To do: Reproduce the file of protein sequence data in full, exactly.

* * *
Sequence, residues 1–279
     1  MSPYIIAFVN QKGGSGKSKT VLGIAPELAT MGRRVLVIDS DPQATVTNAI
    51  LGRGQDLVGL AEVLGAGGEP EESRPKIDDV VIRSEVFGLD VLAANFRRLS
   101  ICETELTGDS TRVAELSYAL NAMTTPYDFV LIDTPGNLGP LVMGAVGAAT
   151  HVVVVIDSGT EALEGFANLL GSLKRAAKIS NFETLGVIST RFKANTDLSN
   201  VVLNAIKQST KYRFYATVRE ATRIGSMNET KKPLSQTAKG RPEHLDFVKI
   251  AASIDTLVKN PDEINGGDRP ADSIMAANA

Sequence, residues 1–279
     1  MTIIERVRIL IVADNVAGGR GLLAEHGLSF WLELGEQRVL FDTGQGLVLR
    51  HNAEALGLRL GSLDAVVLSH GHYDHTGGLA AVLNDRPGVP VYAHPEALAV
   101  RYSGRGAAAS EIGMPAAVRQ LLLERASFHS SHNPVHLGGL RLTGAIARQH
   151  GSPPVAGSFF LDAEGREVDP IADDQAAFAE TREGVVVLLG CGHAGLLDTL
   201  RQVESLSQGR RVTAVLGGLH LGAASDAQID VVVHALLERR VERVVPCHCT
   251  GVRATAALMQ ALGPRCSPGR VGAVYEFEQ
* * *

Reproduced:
Sequence, residues 1–279
     1  MSPYIIAFVN QKGGSGKSKT VLGIAPELAT MGRRVLVIDS DPQATVTNAI
    51  LGRGQDLVGL AEVLGAGGEP EESRPKIDDV VIRSEVFGLD VLAANFRRLS
   101  ICETELTGDS TRVAELSYAL NAMTTPYDFV LIDTPGNLGP LVMGAVGAAT
   151  HVVVVIDSGT EALEGFANLL GSLKRAAKIS NFETLGVIST RFKANTDLSN
   201  VVLNAIKQST KYRFYATVRE ATRIGSMNET KKPLSQTAKG RPEHLDFVKI
   251  AASIDTLVKN PDEINGGDRP ADSIMAANA

Sequence, residues 1–279
     1  MTIIERVRIL IVADNVAGGR GLLAEHGLSF WLELGEQRVL FDTGQGLVLR
    51  HNAEALGLRL GSLDAVVLSH GHYDHTGGLA AVLNDRPGVP VYAHPEALAV
   101  RYSGRGAAAS EIGMPAAVRQ LLLERASFHS SHNPVHLGGL RLTGAIARQH
   151  GSPPVAGSFF LDAEGREVDP IADDQAAFAE TREGVVVLLG CGHAGLLDTL
   201  RQVESLSQGR RVTAVLGGLH LGAASDAQID VVVHALLERR VERVVPCHCT
   251  GVRATAALMQ ALGPRCSPGR VGAVYEFEQ